The way I see JLPT 1 is that it's a certificate of Japanese literacy and a certain base level of general vocabulary and grammar. As you say, actually knowing the language is what's critical. But, in my opinion, anyone whose Japanese skill is good enough that they can honestly say they "speak Japanese" without having to add some classifier like "conversational" or "business" etc will have no problem passing JLPT1. So having passed JLPT1 shows that you have at least graduated from the hobby level of Japanese studies.

    Anyway, in the software world at least, HR departments are usually not the brightest of stars... So for a software engineer, having a JLPT1 certificate could mean the difference going to interview as a project manager @ 9m/year instead of a developer @ 6m/year. So I guess some people's over-estimation becomes other people's real estimation...

    I passed JLPT1 a year ago, by the way. Unfortunately my company doesn't have an HR department. ;)

  4. Well, yes and no about the difficulty. A native Japanese has not problems with the test of course (they might need to see a test beforehand to avoid losing unnecessary points from not knowing the format and time limits). But JLPT1 does include a fair amount of pretty obscure grammar and vocabulary. At the same time the test ignores a lot of potentially more useful vocab - a simple word like "電位" isn't on the test for instance.

    As I said, having the test can be good specifically to get a foot in the door. But that is only a foot - you still need the actual proficiency to back it up.

    Also, I suspect that the kind of jobs where Japanese is important enough that JLPT1 makes a real difference, but not so important that you just go ahead and hire a native speaker are few and far between. In practice I guess it's far more common that someone has a rare and sought-after skill set while the language requirements are secondary and mostly along the lines of "do you know enough for the language barrier not to become a major problem for everybody?"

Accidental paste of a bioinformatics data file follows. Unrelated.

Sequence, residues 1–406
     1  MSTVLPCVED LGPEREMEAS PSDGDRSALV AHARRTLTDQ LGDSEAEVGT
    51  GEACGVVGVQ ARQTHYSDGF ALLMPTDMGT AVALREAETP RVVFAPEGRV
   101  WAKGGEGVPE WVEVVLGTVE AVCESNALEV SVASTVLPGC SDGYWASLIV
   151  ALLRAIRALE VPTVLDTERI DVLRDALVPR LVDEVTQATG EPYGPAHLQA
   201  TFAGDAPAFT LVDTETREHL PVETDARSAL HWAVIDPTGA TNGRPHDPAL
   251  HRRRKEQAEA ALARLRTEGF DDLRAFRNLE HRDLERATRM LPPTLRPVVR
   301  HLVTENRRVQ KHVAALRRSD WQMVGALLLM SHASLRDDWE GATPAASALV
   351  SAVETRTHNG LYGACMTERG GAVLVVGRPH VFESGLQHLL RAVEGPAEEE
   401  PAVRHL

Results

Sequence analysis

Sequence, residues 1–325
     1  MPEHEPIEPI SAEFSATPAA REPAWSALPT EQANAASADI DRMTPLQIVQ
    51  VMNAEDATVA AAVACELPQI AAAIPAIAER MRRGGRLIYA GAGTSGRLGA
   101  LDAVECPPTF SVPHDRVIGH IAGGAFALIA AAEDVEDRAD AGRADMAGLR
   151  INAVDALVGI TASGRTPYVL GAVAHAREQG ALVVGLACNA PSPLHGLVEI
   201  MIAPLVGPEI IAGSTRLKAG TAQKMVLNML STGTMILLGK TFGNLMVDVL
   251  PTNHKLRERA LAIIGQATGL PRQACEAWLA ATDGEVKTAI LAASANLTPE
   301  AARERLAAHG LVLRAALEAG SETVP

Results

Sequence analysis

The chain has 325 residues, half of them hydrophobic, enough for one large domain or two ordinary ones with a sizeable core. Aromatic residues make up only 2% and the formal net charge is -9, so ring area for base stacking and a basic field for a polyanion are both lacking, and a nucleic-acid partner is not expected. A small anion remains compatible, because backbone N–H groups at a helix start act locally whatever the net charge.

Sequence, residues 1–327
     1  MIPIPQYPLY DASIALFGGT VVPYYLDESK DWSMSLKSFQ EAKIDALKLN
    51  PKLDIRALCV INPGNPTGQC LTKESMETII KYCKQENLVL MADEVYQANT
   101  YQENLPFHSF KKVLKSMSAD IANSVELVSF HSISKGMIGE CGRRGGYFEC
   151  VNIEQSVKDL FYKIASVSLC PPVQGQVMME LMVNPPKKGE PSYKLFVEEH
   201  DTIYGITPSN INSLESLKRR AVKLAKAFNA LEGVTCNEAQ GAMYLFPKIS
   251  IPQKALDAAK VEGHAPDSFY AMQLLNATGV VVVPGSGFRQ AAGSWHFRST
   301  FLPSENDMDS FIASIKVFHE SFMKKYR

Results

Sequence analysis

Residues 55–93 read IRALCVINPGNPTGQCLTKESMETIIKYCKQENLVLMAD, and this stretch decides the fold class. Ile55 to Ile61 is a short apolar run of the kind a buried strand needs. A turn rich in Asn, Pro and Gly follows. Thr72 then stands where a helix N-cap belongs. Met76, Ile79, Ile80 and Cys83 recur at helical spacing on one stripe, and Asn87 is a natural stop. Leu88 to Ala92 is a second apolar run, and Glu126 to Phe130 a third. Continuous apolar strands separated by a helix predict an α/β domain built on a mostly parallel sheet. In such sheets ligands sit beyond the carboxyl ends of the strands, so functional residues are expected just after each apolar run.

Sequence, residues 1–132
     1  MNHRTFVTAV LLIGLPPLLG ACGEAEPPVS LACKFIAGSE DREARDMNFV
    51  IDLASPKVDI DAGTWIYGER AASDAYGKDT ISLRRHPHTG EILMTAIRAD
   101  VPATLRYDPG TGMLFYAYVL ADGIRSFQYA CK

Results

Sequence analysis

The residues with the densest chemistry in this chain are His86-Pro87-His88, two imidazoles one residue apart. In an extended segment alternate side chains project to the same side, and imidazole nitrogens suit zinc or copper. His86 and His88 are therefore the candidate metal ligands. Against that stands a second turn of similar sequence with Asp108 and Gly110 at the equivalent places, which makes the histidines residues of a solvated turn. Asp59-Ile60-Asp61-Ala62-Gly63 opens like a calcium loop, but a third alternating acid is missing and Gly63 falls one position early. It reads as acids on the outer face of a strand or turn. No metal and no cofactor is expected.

In my field you're either a post-doc or researcher and don't really need any Japanese at all (research, lectures and seminars are mostly conducted in English); or you're expected to teach, in which case the JLPT1 is probably insufficient, as you need to be able to hold forth for hours at a time on your subject, answer questions and grade papers, all in the native language.

    So for me, level 2 is really sufficient; level 1 is more of a motivator - something to aim for with my studies. Whether or when I pass doesn't feel hugely important.

  5. I think one of you (Janne or Henrik) read Harry Potter when studying for the JLPT1. Did that work well for you? And if you have tried KanKen for the Nintendo DS then I would appreciate your comments on that aswell.

    Tack på förhand!

  6. Hi,

    Actually, I read the first Harry Potter just after passing JLPT2. I wasn't specifically aiming to practice for the JLPT exam; I just wanted to start reading longer texts, and I figured that a children/young adult book I liked and already had read in English would be about right. Since it's aimed for young people the language isn't very hard, and most kanji have furigana the first time you encounter them in each chapter.

    Finishing that improved my self confidence a lot - a little too much, perhaps - so my next book was Reason, by Miyki Miyabe. Excellent book, but a whole different kettle of fish; I spent a whole year reading only that one book.

    I do use "kanken DS2" by "Rocket Company", and it's fairly fun - but honestly, it's not that good for learning kanji. It's good for _practicing_ kanji you already know, but it does assume you don't need to learn them in the first place.